Almost 3,000 parents were polled in the study by the campaign group Parents Want a Say, with 97 per cent either disagreeing or strongly disagreeing with the ban.
Parents face fines if they take their children out of school during term after a new law was introduced by the coalition government in September 2013.
Previously, headteachers had the discretion to allow up to 10 days authorised absence. Now, parents face a £60 fine per child, per period of absence. This rises to £120 if not paid promptly, and could become a £2,500 fine or three-month jail sentence if parents refuse to pay.
Previously, fines were handed out to parents over issues of truancy or repeated poor attendance.
However, a survey run by the BBC last year showed that in the first 12 months of the new law, there was a 70 per cent rise in the number of fines being issued by local authorities.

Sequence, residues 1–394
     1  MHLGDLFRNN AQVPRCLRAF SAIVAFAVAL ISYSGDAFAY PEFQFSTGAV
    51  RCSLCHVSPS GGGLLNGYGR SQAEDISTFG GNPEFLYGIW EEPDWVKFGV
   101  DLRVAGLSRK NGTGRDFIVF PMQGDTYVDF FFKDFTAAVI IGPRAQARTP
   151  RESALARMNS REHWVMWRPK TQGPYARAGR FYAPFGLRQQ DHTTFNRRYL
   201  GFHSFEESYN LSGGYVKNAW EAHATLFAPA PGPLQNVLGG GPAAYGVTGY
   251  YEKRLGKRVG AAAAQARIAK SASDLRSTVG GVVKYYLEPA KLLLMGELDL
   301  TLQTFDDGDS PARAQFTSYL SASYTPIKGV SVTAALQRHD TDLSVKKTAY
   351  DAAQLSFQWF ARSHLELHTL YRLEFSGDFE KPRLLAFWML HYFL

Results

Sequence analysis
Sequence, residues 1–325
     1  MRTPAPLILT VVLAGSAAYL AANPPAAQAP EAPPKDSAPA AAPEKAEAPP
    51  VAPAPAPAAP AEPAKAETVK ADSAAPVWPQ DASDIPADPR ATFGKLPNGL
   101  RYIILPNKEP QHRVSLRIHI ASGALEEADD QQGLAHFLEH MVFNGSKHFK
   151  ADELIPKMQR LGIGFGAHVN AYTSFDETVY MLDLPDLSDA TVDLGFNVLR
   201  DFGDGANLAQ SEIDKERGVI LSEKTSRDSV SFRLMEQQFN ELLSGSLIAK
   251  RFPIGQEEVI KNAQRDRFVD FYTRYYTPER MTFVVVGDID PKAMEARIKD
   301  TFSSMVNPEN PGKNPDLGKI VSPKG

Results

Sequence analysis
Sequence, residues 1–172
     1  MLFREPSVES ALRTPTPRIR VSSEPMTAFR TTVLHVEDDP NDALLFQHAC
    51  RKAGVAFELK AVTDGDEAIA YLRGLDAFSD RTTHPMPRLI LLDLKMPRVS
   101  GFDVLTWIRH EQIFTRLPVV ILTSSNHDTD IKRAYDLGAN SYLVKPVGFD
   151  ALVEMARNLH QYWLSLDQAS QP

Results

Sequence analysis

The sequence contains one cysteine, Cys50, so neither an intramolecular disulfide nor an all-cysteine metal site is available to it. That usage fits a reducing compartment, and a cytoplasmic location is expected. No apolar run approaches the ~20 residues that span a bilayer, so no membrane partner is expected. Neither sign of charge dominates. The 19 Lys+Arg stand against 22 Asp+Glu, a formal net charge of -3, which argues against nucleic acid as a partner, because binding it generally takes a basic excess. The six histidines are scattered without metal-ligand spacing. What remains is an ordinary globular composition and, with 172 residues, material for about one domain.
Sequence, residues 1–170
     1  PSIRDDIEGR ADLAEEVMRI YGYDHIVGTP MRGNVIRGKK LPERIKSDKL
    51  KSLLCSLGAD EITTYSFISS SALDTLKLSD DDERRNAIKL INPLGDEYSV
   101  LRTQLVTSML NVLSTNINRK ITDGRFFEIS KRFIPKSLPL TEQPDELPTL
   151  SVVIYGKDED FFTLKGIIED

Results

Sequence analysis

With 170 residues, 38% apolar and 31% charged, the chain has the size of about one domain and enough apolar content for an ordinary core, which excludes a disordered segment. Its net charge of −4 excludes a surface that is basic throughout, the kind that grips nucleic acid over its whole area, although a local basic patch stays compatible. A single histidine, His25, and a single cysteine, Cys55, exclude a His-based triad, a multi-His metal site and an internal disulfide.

The figures suggested that around 64,000 fines were issued from September 2013 to July 2014, compared with 38,000 the previous year.
In changing the law, ministers pointed to evidence showing the detrimental impact that missing days of school can have on a child’s education. However, only three per cent of the surveyed parents agreed.
Furthermore, 63 per cent said they would be prepared to change who they voted for in the General Election next week over this policy, although many did not know which political party would be most likely to reverse the policy.
Craig Langman, founder of Parents Want a Say, said: “Parents should have the right to a family life, but due to the ban on term-time holidays this right is being severely compromised.
“We are not saying that parents should be able to take children out of school whenever they want – instead we want the rules to revert back to how they were before, where the headteacher could decide.
“A holiday is not the only reason parents take their children out of school – sometimes situations come up such as a family weddings, funerals or a once-in-a-lifetime trip.
“It is simply ridiculous that a parent should have to pay a fine for this, let alone face criminal charges.”
The campaign website can be found at http://parentswantasay.co.uk/